Challenging for an Indian chef overseas to prove himself on home ground

Alfred Prasad
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By Venkatachari Jagannathan

Chennai– London-based Alfred Prasad may be a Michelin-starred Indian chef with over 25 years of experience. But in India, he is born again, with a flourish, setting up the Indian restaurant Omya in The Oberoi Hotel in Delhi. Prasad also recently curated dishes for the frozen food major Innovative Foods that owns the Sumeru brand.

“The challenge for an Indian chef who has established himself overseas is to prove his mettle in his home country,” Prasad, now running his own Mahika Ltd consulting company, told IANS.

Many chefs and brand experts IANS spoke to agreed that Prasad’s tie-up with Innovative Foods is a first-of-its-kind in the country — curating the food for a brand and his name and image featuring on the product pack. The tagline on the product pack says: Michelin-starred Chef Alfred Prasad’s Signature Dishes.

“The Omya at The Oberoi and Sumeru frozen food are the two opportunities for me to prove myself as an Indian chef once again,” Prasad said.

Queried about his professional journey from traditional hot kitchen food to frozen foods, Prasad said: “The talks with Innovative Foods started a year back. We wanted to disrupt the frozen food market in India. Earlier, it was only fried stuff and raw frozen vegetables and not the gourmet range,” Prasad said.

The Bengaluru-based company recently launched four frozen food products — Super Millet Kichidi, Coromandel Roasted Chicken, Coromandel Paneer and Signature Pepper Chicken — curated by Prasad.

“Eight more products are in the development pipeline,” Prasad said.

Prasad is quite elated as his name and image will enter thousands of Indian and overseas homes.

“The ready-to-eat or heat-and-eat food market size is about Rs 3,500 crore, out of which retail will be about Rs 1,000 crore, food services (supplies to quick-service restaurants) Rs 1,500 crore and hotels and restaurants about Rs.1,000 crore,” Innovative Foods CEO Mithun Appaiah told IANS.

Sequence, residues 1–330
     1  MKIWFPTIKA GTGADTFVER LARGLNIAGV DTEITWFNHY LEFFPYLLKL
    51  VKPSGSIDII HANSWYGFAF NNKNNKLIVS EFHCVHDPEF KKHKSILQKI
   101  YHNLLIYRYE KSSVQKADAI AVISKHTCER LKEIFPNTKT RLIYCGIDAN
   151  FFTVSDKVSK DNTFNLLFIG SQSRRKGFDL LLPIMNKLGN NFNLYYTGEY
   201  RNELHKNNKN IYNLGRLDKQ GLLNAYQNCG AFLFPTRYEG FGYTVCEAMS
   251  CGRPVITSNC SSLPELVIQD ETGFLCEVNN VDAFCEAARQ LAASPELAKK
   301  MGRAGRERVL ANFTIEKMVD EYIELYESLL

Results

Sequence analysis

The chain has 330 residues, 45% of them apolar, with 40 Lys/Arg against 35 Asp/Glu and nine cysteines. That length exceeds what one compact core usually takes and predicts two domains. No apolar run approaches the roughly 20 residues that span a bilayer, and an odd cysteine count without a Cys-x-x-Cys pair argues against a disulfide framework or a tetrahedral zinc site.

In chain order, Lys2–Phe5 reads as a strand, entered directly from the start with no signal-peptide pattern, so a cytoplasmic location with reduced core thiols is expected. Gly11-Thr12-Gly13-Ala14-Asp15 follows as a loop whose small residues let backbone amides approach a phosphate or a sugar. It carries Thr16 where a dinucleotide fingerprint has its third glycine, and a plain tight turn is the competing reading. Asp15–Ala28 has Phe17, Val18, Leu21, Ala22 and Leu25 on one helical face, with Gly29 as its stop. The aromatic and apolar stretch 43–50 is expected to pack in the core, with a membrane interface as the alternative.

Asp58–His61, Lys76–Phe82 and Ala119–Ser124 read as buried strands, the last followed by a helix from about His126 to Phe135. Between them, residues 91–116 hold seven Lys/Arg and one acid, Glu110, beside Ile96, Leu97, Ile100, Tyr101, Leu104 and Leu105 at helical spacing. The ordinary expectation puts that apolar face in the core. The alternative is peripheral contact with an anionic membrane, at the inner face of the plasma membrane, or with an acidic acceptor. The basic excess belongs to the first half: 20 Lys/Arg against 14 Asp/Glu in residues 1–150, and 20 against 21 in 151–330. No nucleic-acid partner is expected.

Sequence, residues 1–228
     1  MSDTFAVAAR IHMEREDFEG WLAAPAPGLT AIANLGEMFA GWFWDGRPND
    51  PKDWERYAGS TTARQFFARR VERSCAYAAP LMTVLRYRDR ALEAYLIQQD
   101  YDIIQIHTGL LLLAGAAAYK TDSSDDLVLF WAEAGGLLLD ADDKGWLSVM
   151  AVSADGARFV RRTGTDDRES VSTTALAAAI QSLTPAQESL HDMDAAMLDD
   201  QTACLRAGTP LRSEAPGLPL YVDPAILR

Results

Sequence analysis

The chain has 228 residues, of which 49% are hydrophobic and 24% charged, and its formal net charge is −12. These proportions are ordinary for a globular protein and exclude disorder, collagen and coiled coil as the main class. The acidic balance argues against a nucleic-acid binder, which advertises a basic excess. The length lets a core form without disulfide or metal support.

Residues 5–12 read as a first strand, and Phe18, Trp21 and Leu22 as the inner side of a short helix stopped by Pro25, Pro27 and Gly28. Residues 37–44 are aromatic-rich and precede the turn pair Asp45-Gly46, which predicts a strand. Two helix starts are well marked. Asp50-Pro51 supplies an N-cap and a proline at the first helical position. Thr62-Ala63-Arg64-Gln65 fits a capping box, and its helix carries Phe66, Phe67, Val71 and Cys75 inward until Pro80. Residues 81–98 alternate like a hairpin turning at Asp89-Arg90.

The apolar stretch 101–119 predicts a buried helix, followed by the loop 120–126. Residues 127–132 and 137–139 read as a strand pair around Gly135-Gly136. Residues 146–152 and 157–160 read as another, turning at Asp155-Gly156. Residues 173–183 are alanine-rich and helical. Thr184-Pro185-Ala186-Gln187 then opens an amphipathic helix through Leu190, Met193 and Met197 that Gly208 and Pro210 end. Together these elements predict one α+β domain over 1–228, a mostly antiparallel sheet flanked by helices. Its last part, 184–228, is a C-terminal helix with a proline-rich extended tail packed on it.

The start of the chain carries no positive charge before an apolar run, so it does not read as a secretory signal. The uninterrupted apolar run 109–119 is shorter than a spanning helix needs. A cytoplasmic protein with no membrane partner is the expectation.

On the setting up of Omya restaurant, Prasad said: “For the Oberois, the Delhi property is prestigious. When they refurbished the property, they decided to have an Indian restaurant.”

“I told the Oberoi’s top management, it should be collaborative effort with their knowledge of the local market as I didn’t know the current Delhi market after being in London for over 20 years,” Prasad said.

Looking back, Prasad said the training at Bukhara and Dum Pukht at ITC Maurya in Delhi and working in the South Indian restaurant Dakshin at ITC Park Sheraton in Chennai gave him a good foundation in Indian cuisine.

He said he went to London to work in Veerasamy restaurant and later joined the Tamarind restaurant. In 2002, at the age of 29, he got the Michelin star.

“I was not chasing stars… it happened on its own. The Michelin star rating is given based on what is on the plate and not on other considerations like the restaurant d�cor,” Prasad explained.

Experts agreed that as far as the Indian restaurant and the food industry is concerned, Prasad is a new face now with a reputation built in London.

So, can a new brand be created parachuting an overseas chef into India?

“A chef builds his brand equity first by cooking in a restaurant and creating goodwill for the outlet and for himself. Hosting a cookery show on a TV channel and authoring cook books are other ways,” Chef K. Damodaran, a celebrity chef and a brand ambassador for couple of products, told IANS.

“A chef becomes a brand when the restaurant/hotel decides to invest and promote him as its public face,” said Chef S. Koushik, the promoter of the Eatitude food and beverage consultancy.

“A professional chef can turn into a brand after decades of hard work, giving consistent results and building a good reputation,” Harish Bijoor, brand expert and founder of Harish Bijoor Consults Inc, told IANS.

“Having a digital presence, apart from TV shows, is another requisite for a chef to turn into a brand. Once the reputation is gained and a professional evolves into a brand, it is then a game of geography,” he added.

“An individual brand is limited by geography. Taste is geographic and so is a chef’s brand equity,” Bijoor noted.

In the case of Prasad, after gaining a reputation and the prestigious Michelin star in London for Indian cuisine, he has returned to land of the cuisine he is known for abroad.

“Prasad, an Indian-born chef who was trained here and accomplished much in London, is a good fit for the Sumeru brand. With advertising, it is a matter of time before Prasad becomes a chef brand in India,” Koushik said.


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